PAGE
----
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Grassroots farmers market growing on Long Road

Sat, Aug 20th 2016 06:55 am
Colin Thompson stocks the shelves with products like homemade dill pickles and hot pepper jelly. (Photos by Larry Austin)
Colin Thompson stocks the shelves with products like homemade dill pickles and hot pepper jelly. (Photos by Larry Austin)

By Larry Austin

Island Dispatch Editor

A new farmers market on the Island is growing in popularity in its first summer of operation.

The GI Farm Cooperative has established its own marketplace at 2487 Long Road, a farm owned by co-op member Tom Thompson, to sell members' products on Mondays from 4 to 7 p.m.

The co-op, which includes about 40 agriculture enterprises on the Island, allows vendors space to set up tents at the farm and sell their goods.

Thompson said Monday the reaction to the new market from the public has been "great. We've had overwhelming response."

The driveway at the Thompson farm Monday was full and business was brisk. Customers learned soon after the market began this summer that they need to get there early if they want corn or eggs. Those sold out again Monday.

The venture is unlike markets in places like Buffalo or North Tonawanda, where out-of-town farmers bring produce to market, but rather is an initiative of the 40-some members of the Island (GIFarms.org).

"This is an effort of the co-op on Grand Island," Thompson said. "About as grassroots as you can get."

The co-op is so successful already that members are working on plans to extend an existing building and put in a refrigeration and freezer area, and then get certified kitchen space. The plan for the building is to have a place where co-op members can have a permanent outlet.

"We'll end up over here with a year-round store, so that after the growing season we'll be able to continue to have things in the store," said Keith Tripi, co-op member. People will be able to come in and purchase non-seasonal items like eggs or maple syrup, for example.

The market is just the beginning for the co-op. "We've got a lot of little things in the fire," Thompson said, noting he and five others from the co-op will travel to Cornell for an organic farm conference. In November, Thompson plans to go to "ag school" for a state farmers market federation conference and certification program in Ellicottville "so I can be a professional," he said, laughing. "Not just doing it from the ground up."

The best part of the co-op, Tripi said, is "People are starting businesses. This is what I find so exciting. People who had never done this before, they're starting businesses.

"That's what I love."

Islanders who have sold vegetables from roadside stands now have higher visibility and a broader customer base, greater than the market of just those people who drive down their road.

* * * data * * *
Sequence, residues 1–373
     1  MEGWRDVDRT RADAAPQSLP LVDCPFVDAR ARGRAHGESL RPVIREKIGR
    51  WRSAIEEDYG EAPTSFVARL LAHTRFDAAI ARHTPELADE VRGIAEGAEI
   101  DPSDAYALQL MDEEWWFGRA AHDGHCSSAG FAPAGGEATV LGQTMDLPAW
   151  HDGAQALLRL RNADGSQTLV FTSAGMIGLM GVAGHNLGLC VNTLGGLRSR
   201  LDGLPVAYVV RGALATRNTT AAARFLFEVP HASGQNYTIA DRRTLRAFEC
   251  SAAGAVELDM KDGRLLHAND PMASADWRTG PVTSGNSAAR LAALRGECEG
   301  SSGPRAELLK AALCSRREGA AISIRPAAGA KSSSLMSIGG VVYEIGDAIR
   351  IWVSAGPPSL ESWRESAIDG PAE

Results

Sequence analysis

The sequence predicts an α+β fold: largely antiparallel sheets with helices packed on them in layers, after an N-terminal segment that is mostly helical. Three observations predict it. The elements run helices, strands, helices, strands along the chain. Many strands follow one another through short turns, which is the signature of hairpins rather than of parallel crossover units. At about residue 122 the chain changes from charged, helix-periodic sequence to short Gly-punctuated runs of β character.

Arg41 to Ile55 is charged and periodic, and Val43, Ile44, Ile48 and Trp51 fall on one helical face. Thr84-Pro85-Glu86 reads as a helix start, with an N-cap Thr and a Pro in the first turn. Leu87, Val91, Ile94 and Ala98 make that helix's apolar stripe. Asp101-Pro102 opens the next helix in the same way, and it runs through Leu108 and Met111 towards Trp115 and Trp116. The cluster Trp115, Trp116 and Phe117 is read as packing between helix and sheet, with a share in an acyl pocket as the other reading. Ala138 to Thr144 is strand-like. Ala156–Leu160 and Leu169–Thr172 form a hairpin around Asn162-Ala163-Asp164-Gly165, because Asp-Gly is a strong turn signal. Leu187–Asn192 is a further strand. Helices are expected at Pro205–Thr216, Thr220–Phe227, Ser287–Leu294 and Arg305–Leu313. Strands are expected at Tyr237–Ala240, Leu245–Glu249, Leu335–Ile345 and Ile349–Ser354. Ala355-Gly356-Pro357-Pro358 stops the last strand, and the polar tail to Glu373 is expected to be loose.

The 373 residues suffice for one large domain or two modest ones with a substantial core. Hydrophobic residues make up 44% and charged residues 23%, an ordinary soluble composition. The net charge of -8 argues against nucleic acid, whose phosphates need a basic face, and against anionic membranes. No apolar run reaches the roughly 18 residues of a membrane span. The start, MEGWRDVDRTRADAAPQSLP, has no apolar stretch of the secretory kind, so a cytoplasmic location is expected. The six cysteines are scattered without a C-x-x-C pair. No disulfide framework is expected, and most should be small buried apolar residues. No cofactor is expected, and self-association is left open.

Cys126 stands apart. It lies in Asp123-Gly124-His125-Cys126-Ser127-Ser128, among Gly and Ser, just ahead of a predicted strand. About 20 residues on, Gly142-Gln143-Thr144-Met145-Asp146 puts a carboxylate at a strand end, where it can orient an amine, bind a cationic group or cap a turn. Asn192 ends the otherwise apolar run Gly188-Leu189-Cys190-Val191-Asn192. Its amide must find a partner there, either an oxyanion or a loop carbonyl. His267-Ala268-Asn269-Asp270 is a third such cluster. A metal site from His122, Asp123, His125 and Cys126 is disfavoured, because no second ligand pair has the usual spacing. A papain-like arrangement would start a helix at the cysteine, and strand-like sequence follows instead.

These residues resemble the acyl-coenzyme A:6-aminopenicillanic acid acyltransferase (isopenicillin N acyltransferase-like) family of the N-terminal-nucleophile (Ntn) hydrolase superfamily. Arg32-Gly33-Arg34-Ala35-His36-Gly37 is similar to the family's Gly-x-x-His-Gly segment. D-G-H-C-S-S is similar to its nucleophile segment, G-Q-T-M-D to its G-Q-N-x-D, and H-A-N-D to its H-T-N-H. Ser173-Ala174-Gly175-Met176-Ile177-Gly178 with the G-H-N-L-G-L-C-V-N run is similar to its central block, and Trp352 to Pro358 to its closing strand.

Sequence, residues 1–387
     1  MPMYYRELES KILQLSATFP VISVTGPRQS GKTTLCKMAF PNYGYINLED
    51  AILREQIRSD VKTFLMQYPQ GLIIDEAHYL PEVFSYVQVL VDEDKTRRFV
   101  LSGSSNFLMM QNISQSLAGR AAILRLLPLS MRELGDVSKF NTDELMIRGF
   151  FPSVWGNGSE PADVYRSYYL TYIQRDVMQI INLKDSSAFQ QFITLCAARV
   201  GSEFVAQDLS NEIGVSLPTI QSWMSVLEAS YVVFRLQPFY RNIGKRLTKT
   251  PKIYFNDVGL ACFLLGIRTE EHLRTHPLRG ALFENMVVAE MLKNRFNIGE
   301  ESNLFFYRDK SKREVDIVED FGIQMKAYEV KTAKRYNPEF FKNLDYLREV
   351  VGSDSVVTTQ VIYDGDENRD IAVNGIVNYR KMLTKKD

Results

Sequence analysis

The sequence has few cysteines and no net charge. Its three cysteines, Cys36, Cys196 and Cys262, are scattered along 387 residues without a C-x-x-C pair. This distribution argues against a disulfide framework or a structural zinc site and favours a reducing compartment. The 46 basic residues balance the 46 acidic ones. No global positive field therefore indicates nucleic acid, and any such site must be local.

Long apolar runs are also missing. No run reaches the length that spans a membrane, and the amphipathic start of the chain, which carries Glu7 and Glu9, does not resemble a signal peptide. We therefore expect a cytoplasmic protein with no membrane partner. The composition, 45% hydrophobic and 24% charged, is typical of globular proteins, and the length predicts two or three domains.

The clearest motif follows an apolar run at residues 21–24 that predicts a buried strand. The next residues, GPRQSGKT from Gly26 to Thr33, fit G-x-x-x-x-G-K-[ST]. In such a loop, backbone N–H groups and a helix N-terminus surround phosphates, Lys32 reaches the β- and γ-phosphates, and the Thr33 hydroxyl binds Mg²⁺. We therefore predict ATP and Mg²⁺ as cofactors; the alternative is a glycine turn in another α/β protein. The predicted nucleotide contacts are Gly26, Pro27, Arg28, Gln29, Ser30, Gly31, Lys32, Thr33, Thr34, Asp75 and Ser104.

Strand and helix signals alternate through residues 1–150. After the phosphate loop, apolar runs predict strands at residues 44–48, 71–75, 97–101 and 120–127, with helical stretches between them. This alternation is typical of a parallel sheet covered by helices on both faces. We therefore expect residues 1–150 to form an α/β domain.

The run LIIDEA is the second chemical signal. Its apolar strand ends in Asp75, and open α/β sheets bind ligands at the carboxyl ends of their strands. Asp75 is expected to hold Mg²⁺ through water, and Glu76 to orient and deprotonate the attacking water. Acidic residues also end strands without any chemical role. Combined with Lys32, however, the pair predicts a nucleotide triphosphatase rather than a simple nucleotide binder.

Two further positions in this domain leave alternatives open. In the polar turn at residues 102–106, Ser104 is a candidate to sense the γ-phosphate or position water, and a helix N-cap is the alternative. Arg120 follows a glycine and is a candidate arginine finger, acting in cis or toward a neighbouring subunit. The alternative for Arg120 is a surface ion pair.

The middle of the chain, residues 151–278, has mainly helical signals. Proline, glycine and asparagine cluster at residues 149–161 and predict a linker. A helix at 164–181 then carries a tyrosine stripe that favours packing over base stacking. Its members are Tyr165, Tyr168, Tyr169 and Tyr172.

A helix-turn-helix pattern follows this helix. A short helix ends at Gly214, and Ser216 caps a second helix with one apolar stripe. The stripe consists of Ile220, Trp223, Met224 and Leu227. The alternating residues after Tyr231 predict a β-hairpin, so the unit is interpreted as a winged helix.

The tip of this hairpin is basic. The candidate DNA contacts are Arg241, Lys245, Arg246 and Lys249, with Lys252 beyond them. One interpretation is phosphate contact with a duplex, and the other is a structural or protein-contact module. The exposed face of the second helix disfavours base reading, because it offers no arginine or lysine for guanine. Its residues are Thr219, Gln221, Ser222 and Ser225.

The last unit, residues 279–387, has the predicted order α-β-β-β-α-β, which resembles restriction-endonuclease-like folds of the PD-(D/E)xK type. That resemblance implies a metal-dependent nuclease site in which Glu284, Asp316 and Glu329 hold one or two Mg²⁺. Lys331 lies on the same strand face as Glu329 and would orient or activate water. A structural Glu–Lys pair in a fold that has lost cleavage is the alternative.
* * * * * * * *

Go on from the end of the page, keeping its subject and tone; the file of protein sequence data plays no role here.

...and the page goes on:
Patricia and Stephen Birtz had varieties of vegetables for sale Monday that they grew on their Fix Road property, including several types of garlic, enough to ward off every vampire on the Island. They sold as much at the co-op for three hours Monday as they do at their roadside stand in front of their house all week, Patricia said.

Tripi also noted the market is turning into a social event on Monday. Not only does the co-op offer customers the opportunity to meet the farmer who actually grew the food they're buying and eating, but Islanders are hobnobbing with their neighbors, just like they do at a big grocery store.

"It's a real community thing that you see kind of evolving," Tripi said.

The co-op itself serves to represent the 40-plus Islanders who have joined a local agriculture district.

The dry summer caused Thompson to lose 40 percent of his crop because of lack of water, Tripi said, and irrigating crops is too expensive currently. The co-op is asking the town government for relief because, according to Tripi, water costs 180 percent more east of the I-190 due to sewer charges than on the other side of the Island without sewers.

"We're trying to get the town to move in the direction all the other towns have, where they allow separate metering if you're doing irrigation for farm use, and just focusing on the 40 farms that are in the Ag District, so he'll be able to afford to purchase water and irrigate as he needs," Tripi said.

Thompson explained the farms are not putting a drop back down into the sewer system anyway.

"It just goes out, it never goes back in," he said.

The marketplace also has non-food items, like Amish furniture. Monday was the first day selling at the co-op for homegrown artist Danielle Nash. After a family friend told Nash the co-op was looking for more than just farmers to market their products, she brought her tent and paintings. She said that, as opposed to Allentown or Lewiston art festivals, there is no fee to have a space at the co-op.

"It's great exposure and it's cool," Nash said of the market.

"I think it's wonderful. I think it's awesome having a farmers market here on Grand Island," she added. "I had no idea there were 44 family-run farms on the Island."

Get quick bread - like carrot, orange pecan and banana pecan - at the market. 

Get quick bread - like carrot, orange pecan and banana pecan - at the market.

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